Humanitarian Aid VS. ‘Material Support’

While there are practical reasons for the law, namely preventing the support of violent activities of such organizations, the current wording of the law is so broad that it also prevents humanitarian work which might go towards alleviating conditions which encourage people to join terrorist organizations in the first place. Furthermore, under the law “material support” also includes aid such as conflict resolution training, legal advise on how to hold peace negotiations, and address human rights violation complaints to the United Nations.
On Monday the Supreme Court ruled 6-3 to uphold a federal law that bans “material support” of foreign terrorist organizations. The law prohibits all forms of aid (expect for religious and medical material) to organizations on the State Department list of terrorist organizations.

While many blogs and writers have been focusing on this story in relation to the First Amendment, there remains a larger question of how can we hope to effectively “fight” terrorism if we’re not even allowed to talk with people involved in such groups to find out why they are committing terrorist acts or offer assistance and training to address their concerns in non-violent ways.

Reuters | Justices Stephen Breyer, Ruth Bader Ginsburg and Sonia Sotomayor dissented with Breyer saying the court majority ultimately “deprives the individuals before us of the protection that the First Amendment demands.”

He said the court failed to examine the government’s justifications for the law with sufficient care.

Main Justice | Several humanitarian groups had challenged the law — which prohibits groups from providing “material support” to terrorist organizations — on the grounds that it violated their First Amendment right to free speech and association.

In the ruling, the Supreme Court held that the government can ban groups from providing support such as training or advice to terrorist organizations, even if the support is intended for peaceful, legal activities such as disaster relief.

”Such support frees up other resources within the organization that may be put to violent ends,” Chief Justice John Roberts wrote in the majority opinion.

NPR | The Obama administration said the “material support” law is one of its most important terror-fighting tools. It has been used about 150 times since Sept. 11, resulting in 75 convictions. Most of those cases involved money and other substantial support for terror groups.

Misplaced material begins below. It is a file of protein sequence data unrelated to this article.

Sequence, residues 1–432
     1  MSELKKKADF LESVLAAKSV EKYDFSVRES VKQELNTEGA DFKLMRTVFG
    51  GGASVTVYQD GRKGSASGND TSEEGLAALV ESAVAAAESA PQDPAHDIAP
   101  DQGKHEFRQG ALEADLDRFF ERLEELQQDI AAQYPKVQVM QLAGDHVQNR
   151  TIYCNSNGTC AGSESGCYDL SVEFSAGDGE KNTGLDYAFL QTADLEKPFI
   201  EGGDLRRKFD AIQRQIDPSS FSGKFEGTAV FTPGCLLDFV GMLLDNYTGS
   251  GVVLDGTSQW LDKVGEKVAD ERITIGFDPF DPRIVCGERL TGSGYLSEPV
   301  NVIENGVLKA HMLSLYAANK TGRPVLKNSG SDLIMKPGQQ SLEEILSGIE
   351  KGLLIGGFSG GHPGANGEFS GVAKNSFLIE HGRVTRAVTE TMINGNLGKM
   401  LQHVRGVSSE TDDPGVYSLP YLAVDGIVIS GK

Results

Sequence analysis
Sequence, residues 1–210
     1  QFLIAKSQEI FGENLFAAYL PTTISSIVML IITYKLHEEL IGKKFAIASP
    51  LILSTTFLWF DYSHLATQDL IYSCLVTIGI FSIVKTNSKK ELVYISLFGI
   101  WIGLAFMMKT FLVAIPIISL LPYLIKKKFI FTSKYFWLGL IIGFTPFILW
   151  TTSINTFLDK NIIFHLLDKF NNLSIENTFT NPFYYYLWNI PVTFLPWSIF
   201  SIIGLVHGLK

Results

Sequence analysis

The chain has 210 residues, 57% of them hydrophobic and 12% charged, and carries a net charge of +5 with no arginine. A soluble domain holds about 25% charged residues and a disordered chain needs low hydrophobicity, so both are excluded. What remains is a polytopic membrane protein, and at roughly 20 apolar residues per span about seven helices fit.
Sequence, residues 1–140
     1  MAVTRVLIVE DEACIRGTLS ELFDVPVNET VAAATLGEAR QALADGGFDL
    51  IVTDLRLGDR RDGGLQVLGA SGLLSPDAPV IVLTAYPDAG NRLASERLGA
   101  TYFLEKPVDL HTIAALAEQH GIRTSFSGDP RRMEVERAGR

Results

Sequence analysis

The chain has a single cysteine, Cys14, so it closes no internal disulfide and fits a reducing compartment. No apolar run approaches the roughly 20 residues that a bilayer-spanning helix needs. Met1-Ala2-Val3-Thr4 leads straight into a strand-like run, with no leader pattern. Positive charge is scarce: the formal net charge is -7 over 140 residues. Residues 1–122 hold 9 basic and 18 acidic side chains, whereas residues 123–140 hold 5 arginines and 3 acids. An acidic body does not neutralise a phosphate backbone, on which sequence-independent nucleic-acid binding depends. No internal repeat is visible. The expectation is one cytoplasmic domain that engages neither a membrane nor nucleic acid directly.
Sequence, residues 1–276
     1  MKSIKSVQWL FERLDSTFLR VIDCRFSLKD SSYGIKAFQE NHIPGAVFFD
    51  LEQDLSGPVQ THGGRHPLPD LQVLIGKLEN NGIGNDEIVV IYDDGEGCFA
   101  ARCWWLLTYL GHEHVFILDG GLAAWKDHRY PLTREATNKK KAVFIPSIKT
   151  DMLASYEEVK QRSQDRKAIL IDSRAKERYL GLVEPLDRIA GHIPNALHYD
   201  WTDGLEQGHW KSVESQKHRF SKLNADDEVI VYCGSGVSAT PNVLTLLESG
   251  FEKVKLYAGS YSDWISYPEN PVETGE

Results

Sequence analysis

Only a handful dealt with the kind of speech involved in the case decided Monday.

The aid groups involved had trained a group in Turkey on how to bring human rights complaints to the United Nations and assisted them in peace negotiations, but suspended the activities when the U.S. designated the Turkish outfit a terrorist organization in 1997. They also wanted give similar help to a group in Sri Lanka, but it, too, was designated a terrorist organization by the U.S. in 1997.

Nearly four dozen organizations are on the State Department list, including al-Qaida, Hamas, Hezbollah, Basque separatists in Spain and Maoist rebels in Peru.

The humanitarian groups, including the Humanitarian Law Project; Ralph Fertig, a civil rights lawyer; and Dr. Nagalingam Jeyalingam, a physician, want to offer assistance to the Kurdistan Workers’ Party in Turkey or the Liberation Tigers of Tamil Eelam in Sri Lanka.

Foreign Policy | Presumably, however, it is the goal of U.S. policy to induce terrorist organizations to abandon terrorism as a method to advance their political grievances. Direct communication with such groups would seem to be a reasonable, even necessary, means to achieve that result. One of the ways to convince terrorist organizations to abandon terrorism is to convince them that they can achieve their legitimate political goals without resorting to terrorism. Yet, the government’s refusal to limit the reach of the “material support” statute to lethal support threatens to criminalize the ordinary work of many civil society groups that work to convince terrorist groups of precisely that. It also threatens to freeze in place certain policies by preventing those who are best positioned to change views – foreign policy specialists who are free from restrictions of government service – from acting as practical intermediaries between the U.S. government and terrorist organizations during any kind of interim period when a terrorist organization might evolve into a legitimate political interlocutor. As former U.S. President Jimmy Carter put it, “Our work to end violence sometimes requires interacting directly with groups that have engaged in it.”

Center for Constitutional Rights | Said CCR Senior Attorney Shayana Kadidal, “The Court’s decision confirms the extraordinary scope of the material support statute’s criminalization of speech. But it also notes that the scope of the prohibitions may not be clear in every application, and that remains the case for the many difficult questions raised at argument but dodged by today’s opinion, including whether publishing an op-ed or submitting an amicus brief in court arguing that a group does not belong on the list is a criminal act. The onus is now on Congress and the Obama administration to ensure that humanitarian groups may engage in human rights advocacy, training in non-violent conflict resolution, and humanitarian assistance in crisis zones without fearing criminal prosecution.”

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